Amazon’s job-killing warehouse robots now summoned to the headquarters

Amazon’s job-killing warehouse robots now summoned to the headquarters
Jeff Bezos  |  Photo Credit: Photo Credit: Reuters
14 Jun, 2018

Jeff Bezos-led Amazon, which is known to use autonomous robots to manage inventory in its huge warehouses to make delivery efficient for its e-commerce business, might be looking at using artificial intelligence (AI) to streamline operations at its headquarters as well, Bloomberg reported.

This means that machines are not only automating out of existence blue-collar jobs but are also aiming for white-collar jobs that let Amazon employees currently earn six-figure salaries.

According to the report, the employees who are running the risk of being automated out of existence currently negotiate multi-million dollar deals with several major brand partners for Amazon’s e-commerce business. 

The e-commerce giant is also planning to use AI-infused software for making decisions on inventory. By contrast, if a human staffer decides to order too less of a certain item, then the site may run out of the items and in turn lose customers. If the worker orders too much, the site might have to clear the items at low prices.

The entire structure of Amazon departments is also undergoing change. The company has two teams. While one works on industry connections to convince businessmen to sell products on the site and is responsible to get the e-commerce business to where it is today, the other looks at building the e-commerce platform. However, gradually, the second team could make sure that anyone with an internet connection could sell a product online without speaking to a single Amazon executive.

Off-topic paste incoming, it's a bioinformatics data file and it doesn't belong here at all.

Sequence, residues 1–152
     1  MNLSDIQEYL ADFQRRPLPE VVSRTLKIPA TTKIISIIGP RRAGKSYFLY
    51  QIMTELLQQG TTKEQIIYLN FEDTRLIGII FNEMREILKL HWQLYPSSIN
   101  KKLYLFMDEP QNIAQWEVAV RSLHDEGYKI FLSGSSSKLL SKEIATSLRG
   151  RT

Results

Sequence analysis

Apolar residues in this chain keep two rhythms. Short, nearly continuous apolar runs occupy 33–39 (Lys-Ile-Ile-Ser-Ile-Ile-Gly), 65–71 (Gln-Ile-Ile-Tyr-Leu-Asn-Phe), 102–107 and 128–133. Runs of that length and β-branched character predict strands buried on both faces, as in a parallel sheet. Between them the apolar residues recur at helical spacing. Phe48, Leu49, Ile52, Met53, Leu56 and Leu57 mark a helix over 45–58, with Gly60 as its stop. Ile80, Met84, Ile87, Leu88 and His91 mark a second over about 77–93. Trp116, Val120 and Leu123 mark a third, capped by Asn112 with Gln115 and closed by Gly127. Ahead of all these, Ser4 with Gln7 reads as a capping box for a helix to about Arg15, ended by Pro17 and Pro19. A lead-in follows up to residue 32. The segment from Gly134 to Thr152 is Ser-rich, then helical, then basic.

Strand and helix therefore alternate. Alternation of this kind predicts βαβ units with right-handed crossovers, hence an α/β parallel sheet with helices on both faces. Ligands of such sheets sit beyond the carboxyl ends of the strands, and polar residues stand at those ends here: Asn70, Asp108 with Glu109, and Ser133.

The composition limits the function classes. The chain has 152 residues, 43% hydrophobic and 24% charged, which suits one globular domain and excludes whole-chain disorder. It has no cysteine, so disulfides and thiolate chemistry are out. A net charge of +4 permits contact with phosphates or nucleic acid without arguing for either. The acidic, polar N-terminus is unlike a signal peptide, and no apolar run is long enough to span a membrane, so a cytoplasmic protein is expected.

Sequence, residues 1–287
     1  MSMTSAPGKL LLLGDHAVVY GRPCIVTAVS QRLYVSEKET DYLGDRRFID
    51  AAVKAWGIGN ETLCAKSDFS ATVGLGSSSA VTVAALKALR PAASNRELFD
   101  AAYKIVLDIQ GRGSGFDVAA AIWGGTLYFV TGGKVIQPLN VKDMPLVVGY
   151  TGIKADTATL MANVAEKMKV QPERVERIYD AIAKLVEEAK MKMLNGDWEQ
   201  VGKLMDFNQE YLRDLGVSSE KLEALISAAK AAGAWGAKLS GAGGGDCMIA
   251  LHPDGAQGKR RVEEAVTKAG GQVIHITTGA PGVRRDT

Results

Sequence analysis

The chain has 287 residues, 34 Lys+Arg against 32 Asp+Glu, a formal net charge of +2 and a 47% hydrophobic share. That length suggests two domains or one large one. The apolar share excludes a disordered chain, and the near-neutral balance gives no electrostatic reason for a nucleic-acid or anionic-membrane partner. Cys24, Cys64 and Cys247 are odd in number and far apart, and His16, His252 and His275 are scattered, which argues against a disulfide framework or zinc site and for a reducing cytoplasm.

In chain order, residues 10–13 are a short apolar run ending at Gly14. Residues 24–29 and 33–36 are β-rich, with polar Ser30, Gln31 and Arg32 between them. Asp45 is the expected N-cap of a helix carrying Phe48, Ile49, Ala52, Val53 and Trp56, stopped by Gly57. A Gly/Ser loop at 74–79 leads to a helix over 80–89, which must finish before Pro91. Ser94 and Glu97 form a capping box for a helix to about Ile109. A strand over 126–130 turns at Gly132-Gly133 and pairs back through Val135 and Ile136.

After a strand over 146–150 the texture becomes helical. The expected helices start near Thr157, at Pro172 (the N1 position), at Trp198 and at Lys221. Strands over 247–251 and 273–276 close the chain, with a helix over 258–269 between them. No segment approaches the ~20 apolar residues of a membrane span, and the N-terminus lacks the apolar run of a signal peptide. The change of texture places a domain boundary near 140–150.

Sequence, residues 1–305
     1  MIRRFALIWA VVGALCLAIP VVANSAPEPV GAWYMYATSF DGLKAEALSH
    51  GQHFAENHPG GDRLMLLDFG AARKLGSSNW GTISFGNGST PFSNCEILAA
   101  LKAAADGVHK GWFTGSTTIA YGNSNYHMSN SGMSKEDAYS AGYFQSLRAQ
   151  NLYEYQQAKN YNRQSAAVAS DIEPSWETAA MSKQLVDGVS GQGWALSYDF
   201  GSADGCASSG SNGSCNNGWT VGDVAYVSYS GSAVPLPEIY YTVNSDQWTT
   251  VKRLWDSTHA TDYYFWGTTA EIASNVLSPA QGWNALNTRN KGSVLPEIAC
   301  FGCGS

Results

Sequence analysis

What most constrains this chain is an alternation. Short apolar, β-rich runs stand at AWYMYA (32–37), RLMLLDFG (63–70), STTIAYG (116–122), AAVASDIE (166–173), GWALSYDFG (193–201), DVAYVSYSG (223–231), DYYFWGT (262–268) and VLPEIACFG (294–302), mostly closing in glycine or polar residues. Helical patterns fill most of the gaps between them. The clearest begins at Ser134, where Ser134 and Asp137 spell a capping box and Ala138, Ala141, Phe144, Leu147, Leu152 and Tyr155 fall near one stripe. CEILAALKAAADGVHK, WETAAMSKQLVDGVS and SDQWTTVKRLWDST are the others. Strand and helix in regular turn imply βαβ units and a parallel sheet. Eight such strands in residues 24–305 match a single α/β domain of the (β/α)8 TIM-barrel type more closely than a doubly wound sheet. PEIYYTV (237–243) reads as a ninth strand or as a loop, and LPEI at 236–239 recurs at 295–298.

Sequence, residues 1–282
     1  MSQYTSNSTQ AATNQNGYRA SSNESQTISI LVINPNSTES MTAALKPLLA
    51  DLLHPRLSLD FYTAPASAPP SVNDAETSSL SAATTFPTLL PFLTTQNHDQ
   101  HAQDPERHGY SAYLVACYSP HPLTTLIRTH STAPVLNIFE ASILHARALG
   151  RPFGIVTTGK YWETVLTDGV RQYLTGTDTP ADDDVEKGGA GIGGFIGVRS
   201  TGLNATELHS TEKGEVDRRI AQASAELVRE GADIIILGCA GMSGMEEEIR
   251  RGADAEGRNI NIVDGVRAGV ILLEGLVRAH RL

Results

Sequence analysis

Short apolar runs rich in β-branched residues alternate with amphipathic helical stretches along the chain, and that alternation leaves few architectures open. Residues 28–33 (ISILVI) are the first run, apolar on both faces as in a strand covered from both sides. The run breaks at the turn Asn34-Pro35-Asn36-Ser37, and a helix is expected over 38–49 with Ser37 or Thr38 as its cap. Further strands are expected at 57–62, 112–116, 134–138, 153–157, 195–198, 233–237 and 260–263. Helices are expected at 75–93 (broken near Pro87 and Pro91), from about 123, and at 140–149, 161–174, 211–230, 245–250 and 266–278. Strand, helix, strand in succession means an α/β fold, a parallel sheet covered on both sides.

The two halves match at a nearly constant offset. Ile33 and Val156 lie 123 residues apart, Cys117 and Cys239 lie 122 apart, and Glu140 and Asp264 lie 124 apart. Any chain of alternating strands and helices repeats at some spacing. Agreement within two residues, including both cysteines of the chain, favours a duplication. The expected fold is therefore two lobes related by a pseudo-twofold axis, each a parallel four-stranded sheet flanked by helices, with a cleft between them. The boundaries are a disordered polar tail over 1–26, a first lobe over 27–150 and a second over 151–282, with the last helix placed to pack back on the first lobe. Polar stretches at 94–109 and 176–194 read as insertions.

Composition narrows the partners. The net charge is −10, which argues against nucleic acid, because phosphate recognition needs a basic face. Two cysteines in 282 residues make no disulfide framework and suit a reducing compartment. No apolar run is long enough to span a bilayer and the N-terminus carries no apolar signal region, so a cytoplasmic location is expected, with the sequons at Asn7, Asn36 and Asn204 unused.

These two teams are now being merged. A few employees have also left, now that the company has its own web services and AI divisions.
This also means paying less for human resources than rivals such as Walmart, Target and Tesco.

“This is why Amazon is the 800-pound gorilla,” Joel Sutherland, a supply-chain management professor at the University of San Diego, was quoted as saying. “Nobody else has the resources and expertise to pull all of these emerging technologies together to remove humans from the process as much as possible while making things more reliable and accurate,” he added.

However, Amazon is looking at it from a different angle and said that it was creating more jobs and making sure that automation leads to better customer experiences. 

“We’ve been working for some time on standardising the products, tools and services we offer to the brands and re-sellers that sell on Amazon, and have made some organisational changes as a result,” the news agency quoted the company as saying.

This shift in strategy towards automation is not new. The company has been at it for a few years now and had started an initiative called "hands off the wheel".